Posted by Nathan Baldwin on Friday, October 16th, 2015
In the first two installments of this series I provided a few thoughts around modernizing Extended Service Programs (ESPs) and how they can serve as a platform for customer continuity. In this article, I’ll take a look at how the data collected from service contract programs can provide additional value to Customer Relationship Marketing (CRM) initiatives, product design and engineering, becoming the basis for predictive risk and loss cost warranty analytics.
Having worked with many clients over recent years, we recognized the potential of ESP programs to generate a lot of useful data for companies. Today, After uses this data to create accessory programs, maintenance programs, causal parts analysis, and predictive loss cost forecasting to name but a few applications. We’ve also developed a novel methodology to project the insights of ESP behavior to the larger customer base to help with customer segmentation and response models for CRM initiatives.
In this article, I’ll provide a few details on how we found value within the data, how we use it today, and how you may be missing a big part of your business by not using ESP data as an asset.
In the early days of our work on ESP programs, After brought its unique analytical skills to solve common business problems ESP’s face. Many of the “asks” were around increasing response, finding the optimal price and increasing the overall value of a product registration while reducing risk.
Over time, we developed an extensive base of statistical methodologies, marketing strategies and execution know-how to solve ESP business problems. What we also saw emerge was a set of customer marketing opportunities largely ignored by traditional CRM folks.
As often happens when our teams work to solve new business problem, they also find unexpected value in the data sets they are provided. When viewed through an analyst’s lens, with marketing and technology people in the room, the ideas and opportunities quickly emerged.
After several different ESP programs had been analyzed, patterns started to develop. The data generated from these programs told similar stories regardless of industry or product. What After was finding was that the data itself was an extremely valuable asset, yet the value was not understood by our clients and in many cases was being collected by an outsourced insurance company or servicer contracted to fix or replace broken products. Incredibly in some cases, the vendor contracts did not provide rights for clients to access their own data.
As one example of the data’s richness, After found the purchase of accessories or the use of OEM consumables to be one of the most predictive values of ESP adoption. As it turns out, the inverse is also true: ESP adoption also is a great predictor of accessory and consumable purchase.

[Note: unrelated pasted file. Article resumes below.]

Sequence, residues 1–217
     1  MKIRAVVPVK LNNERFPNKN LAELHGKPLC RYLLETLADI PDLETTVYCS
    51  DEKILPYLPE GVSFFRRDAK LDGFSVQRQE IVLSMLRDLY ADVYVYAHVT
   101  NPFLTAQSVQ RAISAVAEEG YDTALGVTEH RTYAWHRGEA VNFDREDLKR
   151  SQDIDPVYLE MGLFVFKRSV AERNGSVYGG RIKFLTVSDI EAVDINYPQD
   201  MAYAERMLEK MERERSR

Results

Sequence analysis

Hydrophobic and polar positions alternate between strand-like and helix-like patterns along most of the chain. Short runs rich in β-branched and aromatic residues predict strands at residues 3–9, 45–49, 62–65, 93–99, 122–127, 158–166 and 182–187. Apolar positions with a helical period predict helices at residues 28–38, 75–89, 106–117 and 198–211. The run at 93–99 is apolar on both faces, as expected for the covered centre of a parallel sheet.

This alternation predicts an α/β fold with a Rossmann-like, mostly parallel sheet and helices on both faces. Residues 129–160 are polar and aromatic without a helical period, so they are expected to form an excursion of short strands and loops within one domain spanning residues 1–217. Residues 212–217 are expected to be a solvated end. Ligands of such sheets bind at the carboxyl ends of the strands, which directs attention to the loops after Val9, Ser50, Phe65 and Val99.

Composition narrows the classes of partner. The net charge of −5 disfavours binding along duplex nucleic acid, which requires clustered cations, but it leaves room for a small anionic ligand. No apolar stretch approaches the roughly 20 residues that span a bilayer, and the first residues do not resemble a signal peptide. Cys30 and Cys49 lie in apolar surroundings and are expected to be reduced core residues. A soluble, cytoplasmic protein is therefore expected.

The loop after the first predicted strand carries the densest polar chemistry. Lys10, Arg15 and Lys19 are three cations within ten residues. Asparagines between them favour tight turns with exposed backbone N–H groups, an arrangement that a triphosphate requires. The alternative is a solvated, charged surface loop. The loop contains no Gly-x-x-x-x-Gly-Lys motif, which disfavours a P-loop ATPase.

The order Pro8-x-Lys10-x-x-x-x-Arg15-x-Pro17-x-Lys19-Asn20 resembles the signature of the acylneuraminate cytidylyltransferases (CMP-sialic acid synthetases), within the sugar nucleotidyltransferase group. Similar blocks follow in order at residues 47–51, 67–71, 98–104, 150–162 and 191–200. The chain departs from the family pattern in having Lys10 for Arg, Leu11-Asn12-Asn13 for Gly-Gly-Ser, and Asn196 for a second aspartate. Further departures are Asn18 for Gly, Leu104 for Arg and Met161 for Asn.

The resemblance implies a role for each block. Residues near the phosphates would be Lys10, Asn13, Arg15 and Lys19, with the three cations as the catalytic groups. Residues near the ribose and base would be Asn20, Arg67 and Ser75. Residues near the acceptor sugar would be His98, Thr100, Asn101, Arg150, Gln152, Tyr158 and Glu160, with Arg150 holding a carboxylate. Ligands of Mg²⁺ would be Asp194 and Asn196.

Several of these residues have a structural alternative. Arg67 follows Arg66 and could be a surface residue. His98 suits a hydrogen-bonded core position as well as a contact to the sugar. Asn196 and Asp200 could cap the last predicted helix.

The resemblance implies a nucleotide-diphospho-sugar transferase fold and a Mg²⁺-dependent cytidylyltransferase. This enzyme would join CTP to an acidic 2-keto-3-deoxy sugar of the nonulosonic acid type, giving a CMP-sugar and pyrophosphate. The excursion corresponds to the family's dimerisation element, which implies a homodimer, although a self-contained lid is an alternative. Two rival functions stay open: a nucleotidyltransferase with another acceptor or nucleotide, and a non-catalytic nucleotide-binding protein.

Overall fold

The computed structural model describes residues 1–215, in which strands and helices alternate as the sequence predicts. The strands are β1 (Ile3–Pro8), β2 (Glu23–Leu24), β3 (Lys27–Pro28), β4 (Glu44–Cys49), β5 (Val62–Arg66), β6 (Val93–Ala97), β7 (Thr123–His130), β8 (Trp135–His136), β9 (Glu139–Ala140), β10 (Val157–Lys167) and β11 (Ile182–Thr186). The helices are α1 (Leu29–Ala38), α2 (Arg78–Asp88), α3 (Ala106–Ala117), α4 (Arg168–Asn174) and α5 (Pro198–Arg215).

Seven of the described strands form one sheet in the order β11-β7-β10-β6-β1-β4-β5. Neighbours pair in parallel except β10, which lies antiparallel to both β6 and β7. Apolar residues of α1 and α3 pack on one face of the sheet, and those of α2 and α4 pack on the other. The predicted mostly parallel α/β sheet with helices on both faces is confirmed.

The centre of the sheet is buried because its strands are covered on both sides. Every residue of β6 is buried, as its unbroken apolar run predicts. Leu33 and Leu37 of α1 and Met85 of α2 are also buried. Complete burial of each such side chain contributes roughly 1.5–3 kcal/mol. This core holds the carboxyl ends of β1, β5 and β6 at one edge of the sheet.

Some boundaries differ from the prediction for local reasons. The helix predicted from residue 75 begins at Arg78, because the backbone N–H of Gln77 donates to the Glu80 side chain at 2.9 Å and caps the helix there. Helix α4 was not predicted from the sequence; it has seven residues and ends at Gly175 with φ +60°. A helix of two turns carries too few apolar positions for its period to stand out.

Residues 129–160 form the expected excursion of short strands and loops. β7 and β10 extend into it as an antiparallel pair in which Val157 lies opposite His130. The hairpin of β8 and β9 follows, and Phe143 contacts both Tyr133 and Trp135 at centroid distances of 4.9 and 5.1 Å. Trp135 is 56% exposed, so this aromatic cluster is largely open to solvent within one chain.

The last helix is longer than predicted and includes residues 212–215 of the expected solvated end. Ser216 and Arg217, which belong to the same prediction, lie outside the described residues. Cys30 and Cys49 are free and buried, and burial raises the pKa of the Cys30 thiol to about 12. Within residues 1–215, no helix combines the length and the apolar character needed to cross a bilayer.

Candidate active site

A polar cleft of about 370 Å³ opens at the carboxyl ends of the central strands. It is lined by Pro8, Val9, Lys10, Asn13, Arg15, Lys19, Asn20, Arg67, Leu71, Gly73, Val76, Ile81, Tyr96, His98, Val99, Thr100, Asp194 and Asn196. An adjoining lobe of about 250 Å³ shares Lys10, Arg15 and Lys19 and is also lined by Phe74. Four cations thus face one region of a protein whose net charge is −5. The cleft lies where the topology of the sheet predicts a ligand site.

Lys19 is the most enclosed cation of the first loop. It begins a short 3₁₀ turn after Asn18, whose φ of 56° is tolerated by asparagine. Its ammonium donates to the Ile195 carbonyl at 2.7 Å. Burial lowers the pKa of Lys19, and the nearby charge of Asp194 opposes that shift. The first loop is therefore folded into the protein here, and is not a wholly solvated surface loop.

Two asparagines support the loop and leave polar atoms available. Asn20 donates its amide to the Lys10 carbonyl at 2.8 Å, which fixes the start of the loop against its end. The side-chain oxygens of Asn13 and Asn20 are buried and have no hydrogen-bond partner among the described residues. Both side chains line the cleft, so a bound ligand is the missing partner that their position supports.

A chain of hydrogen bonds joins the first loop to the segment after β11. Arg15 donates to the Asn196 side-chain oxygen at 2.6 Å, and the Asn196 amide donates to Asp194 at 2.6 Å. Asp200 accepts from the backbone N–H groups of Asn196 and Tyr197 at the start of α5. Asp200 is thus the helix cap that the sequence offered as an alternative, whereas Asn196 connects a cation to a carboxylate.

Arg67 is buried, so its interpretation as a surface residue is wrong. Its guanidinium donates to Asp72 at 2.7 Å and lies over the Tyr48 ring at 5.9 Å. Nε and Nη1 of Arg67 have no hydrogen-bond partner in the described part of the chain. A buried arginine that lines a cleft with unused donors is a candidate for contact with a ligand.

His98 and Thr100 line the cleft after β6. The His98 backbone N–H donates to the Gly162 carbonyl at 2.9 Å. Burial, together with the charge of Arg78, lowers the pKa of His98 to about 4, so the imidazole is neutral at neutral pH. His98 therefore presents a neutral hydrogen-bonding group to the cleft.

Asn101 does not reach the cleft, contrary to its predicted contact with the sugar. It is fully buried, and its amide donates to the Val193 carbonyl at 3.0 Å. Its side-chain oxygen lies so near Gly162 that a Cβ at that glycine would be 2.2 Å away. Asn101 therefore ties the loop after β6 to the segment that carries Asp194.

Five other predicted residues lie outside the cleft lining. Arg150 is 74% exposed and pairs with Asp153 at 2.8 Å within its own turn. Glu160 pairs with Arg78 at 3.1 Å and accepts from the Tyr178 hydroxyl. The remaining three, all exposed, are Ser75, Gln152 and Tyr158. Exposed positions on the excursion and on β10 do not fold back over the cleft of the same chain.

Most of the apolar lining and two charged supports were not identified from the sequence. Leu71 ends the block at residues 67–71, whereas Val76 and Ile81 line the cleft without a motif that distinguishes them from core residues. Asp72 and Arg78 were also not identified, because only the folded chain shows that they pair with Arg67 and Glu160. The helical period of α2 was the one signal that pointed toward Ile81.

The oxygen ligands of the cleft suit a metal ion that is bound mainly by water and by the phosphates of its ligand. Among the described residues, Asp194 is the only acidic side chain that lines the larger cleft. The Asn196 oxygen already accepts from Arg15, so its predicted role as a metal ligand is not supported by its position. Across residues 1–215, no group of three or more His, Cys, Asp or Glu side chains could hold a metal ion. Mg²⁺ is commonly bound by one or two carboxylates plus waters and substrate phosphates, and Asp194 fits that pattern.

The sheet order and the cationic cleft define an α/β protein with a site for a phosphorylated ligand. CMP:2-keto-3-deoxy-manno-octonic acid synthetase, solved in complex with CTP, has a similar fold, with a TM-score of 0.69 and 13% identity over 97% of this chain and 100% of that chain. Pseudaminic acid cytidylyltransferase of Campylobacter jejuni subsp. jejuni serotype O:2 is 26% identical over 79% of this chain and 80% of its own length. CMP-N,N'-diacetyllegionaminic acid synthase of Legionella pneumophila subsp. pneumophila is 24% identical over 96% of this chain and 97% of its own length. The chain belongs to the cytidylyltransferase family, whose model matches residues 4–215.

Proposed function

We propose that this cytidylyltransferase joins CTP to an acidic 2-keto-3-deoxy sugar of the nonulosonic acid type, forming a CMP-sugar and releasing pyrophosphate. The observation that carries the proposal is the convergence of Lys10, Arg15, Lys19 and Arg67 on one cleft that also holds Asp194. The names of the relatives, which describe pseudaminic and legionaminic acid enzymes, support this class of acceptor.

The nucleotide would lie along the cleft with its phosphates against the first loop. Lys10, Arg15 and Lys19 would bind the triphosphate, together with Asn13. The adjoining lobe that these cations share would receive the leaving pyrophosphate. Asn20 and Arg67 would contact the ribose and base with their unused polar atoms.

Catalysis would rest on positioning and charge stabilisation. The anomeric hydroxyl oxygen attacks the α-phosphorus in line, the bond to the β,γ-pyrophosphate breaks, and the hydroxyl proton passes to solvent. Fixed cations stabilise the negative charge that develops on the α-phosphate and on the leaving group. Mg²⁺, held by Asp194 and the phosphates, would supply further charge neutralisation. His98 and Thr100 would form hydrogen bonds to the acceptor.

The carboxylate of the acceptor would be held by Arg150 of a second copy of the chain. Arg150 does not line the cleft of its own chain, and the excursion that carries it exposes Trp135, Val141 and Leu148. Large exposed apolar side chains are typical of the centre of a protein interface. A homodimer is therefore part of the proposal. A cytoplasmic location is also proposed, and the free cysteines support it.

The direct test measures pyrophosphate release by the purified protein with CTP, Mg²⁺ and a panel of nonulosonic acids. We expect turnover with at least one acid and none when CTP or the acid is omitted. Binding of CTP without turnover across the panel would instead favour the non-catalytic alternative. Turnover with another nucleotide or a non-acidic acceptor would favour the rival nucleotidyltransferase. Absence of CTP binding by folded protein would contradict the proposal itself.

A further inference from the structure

Other insights included the ability to predict repurchase timing, the likelihood to participate in a recall, register other products, or become an advocate in the social space.
Once these predictive values were understood, After began to fold them into various CRM applications. In many cases, the data itself created more value than the original ESP program being analyzed or the steps made to optimize it.
From a purely analytical perspective, two main products were born out of the wider work. Predictive Loss Cost, the statistical methodology to accurately predict loss run-off at product levels and Causal Part, a statistical methodology to find the reasons for failure and the predicted breakage on units already sold. The former is critical to finance departments that need to manage risk and that need to comply with accounting standards. The second is highly useful to engineering, manufacturing, and sourcing groups, since we can isolate problems with specific assemblies and parts.
Each of these studies provides incredible new insight to our clients, but it also changed the way they look at their business. From a risk and reward perspective, clients now have the ability to adjust price or limit risk at the product level, not just the average of all the products together (which is the typical insurance model). And for engineering, they now have the ability to proactively make changes before the issue grows and provide maintenance programs that can reduce the loss of money and customer perception. In the end, both of these insights help both the company grow and provide better customer offerings and service.
There are many other valuable insights from ESP data. The data created and collected from these programs should be protected and used as a company asset. Send us an email or give us a call if you have any other suggestions for using ESP data. Our team is always available for a conversation.